Speak up now to ‘Save Free Speech’

Sign our online petition today to protect your freedom

Free speech – a vital element of our democracy – is facing extinction.

Most people would agree that having the freedom to speak your mind is synonymous with a well-functioning, free and democratic society.

It’s one of the central principles which sets western civilisation apart from restrictive regimes like those in China, North Korea, Venezuela and Cuba.

And yet, like never before, the unthinkable is increasingly happening: free speech is being infringed upon by minority groups, elites, public policy and virtue signalling organisations.

Look no further than the now famous case of Israel Folau – the latest in a long line of those who have has lost their job, their livelihood, their entire career...  all for speaking out.

Professor Peter Ridd, three Queensland University of Technology students (Alex Wood, Calum Thwaites and Jackson Powell), the late Bill Leak and Julian Porteous are just some who have paid the price. The rise in the weaponisation 18C* of the Racial Discrimination Act 1975 means that your free speech in under atttack. 

Mark my words: Our nation is at a crossroads. 

Most Australians will tell you everyone should have the right of free speech. As a democratic nation, we also support a person’s right to agree or disagree. Both rights are an essential part of our culture and tradition, foundational to our values and our freedoms.

But the politically correct brigade is increasingly bullying our society into abiding by their code of conduct – enforcing what’s “socially acceptable” by their standards, and publicly punishing dissenters. 

Make no mistake – it’s calculated; they’re making an example of Folau, Professor Peter Ridd and others. The bedrock of their scare campaign is the underlying, unspoken  threat: “This is what will happen to you if you dare defy us”.

Friend, either we stand up and demand a fair go for free speech now or we watch it go to ruin, case by case. 

If you believe everyone should be free to speak their mind without fear of job loss or a fine, defend free speech today by signing our petition supporting Israel Folau’s right to quote a book without being sacked.

You’ll find the ‘Save Free Speech’ petition online at advanceaustralia.org.au/save_free_speech. By adding your name to this online petition today, you’ll help draw a line in the sand to protect your freedom of speech.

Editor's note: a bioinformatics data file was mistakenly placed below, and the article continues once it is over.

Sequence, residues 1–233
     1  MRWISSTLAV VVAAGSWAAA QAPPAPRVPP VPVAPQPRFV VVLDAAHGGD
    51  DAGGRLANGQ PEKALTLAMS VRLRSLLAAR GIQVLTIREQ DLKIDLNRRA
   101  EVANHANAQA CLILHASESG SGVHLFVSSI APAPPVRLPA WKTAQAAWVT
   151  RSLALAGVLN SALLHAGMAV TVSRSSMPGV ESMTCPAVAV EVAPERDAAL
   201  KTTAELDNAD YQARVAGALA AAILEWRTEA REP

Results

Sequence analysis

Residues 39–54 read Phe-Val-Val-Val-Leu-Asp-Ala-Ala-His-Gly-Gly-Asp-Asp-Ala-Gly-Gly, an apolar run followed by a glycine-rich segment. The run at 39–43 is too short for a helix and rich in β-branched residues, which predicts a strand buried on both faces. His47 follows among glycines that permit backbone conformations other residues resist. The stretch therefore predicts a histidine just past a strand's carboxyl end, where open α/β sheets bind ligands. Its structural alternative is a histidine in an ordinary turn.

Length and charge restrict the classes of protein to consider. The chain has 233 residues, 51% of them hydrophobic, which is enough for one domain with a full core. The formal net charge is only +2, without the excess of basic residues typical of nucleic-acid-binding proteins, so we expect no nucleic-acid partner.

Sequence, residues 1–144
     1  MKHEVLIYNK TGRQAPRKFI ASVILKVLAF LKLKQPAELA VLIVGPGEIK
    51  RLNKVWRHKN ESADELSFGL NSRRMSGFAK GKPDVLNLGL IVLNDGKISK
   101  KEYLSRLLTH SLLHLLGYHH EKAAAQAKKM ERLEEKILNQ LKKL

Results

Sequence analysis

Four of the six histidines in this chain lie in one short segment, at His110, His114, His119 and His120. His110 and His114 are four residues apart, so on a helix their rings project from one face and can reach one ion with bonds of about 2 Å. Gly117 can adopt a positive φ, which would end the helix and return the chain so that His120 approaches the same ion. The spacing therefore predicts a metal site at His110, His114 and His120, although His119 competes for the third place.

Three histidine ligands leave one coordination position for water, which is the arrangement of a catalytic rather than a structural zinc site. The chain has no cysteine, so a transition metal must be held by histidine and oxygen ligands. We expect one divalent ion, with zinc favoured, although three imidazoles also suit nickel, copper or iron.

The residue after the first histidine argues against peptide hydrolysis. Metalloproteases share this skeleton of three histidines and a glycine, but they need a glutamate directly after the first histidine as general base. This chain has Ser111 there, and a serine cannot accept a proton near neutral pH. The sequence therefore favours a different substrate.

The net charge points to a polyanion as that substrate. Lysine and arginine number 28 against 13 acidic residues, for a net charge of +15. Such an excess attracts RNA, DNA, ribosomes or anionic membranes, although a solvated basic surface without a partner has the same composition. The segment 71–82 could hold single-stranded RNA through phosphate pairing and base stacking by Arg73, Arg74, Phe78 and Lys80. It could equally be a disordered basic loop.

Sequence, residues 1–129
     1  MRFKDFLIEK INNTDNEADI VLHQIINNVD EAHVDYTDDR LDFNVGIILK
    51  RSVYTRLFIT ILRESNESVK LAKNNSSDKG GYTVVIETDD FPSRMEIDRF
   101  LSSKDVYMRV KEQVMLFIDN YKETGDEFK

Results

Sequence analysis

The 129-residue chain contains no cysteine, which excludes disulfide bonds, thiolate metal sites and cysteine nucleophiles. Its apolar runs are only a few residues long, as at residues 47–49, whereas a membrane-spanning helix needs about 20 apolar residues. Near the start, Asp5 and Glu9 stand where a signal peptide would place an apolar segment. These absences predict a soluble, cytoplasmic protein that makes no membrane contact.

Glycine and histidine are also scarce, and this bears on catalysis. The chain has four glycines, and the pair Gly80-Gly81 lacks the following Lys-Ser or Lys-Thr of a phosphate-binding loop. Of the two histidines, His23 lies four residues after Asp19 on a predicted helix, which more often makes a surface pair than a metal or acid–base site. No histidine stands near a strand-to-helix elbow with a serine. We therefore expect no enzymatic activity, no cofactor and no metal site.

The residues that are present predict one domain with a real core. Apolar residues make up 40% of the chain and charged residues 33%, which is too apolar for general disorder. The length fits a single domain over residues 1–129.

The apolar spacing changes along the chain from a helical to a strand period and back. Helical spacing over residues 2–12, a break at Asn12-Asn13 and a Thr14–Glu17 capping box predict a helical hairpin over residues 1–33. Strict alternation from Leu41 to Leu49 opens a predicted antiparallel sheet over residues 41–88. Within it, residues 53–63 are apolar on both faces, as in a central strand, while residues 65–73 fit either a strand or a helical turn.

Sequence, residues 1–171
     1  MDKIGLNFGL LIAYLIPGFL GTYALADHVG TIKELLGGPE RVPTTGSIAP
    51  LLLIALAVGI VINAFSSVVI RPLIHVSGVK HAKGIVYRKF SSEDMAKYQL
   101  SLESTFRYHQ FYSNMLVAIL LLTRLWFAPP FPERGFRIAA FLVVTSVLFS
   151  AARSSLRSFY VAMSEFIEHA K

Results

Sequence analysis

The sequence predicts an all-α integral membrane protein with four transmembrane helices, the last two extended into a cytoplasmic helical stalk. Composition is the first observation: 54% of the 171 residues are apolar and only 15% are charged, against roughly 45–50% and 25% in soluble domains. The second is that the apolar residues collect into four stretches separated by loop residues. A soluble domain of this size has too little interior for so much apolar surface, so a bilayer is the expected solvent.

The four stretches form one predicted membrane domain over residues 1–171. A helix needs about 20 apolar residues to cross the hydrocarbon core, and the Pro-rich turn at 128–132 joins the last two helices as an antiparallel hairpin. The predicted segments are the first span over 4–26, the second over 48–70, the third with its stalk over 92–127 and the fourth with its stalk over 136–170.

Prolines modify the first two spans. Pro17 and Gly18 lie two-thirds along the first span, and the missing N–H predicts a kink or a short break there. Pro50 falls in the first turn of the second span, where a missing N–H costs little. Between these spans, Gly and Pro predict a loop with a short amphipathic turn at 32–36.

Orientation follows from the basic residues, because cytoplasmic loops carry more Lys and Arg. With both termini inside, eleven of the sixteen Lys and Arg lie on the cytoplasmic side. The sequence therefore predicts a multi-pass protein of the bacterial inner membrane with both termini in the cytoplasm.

*18C is a blocker of free speech; an overarching catch-all law which effectively makes it unlawful to “offend”. Given “offense” is entirely subjective, 18C has disastrous repercussions for free speech; enabling anyone who feels offended on the basis of a minority characteristic to land their “offender” in court.

RACIAL DISCRIMINATION ACT 1975

18C  Offensive behaviour because of race, colour or national or ethnic origin

             (1)  It is unlawful for a person to do an act, otherwise than in private, if:

                     (a)  the act is reasonably likely, in all the circumstances, to offend, insult, humiliate or intimidate another person or a group of people; and

                     (b)  the act is done because of the race, colour or national or ethnic origin of the other person or of some or all of the people in the group.

Note: Subsection (1) makes certain acts unlawful. Section 46P of the Australian Human Rights Commission Act 1986 allows people to make complaints to the Australian Human Rights Commission about unlawful acts. However, an unlawful act is not necessarily a criminal offence. Section 26 says that this Act does not make it an offence to do an act that is unlawful because of this Part, unless Part IV expressly says that the act is an offence.

             (2)  For the purposes of subsection (1), an act is taken not to be done in private if it:

                     (a)  causes words, sounds, images or writing to be communicated to the public; or

                     (b)  is done in a public place; or

                     (c)  is done in the sight or hearing of people who are in a public place.

             (3)  In this section:

public place includes any place to which the public have access as of right or by invitation, whether express or implied and whether or not a charge is made for admission to the place.

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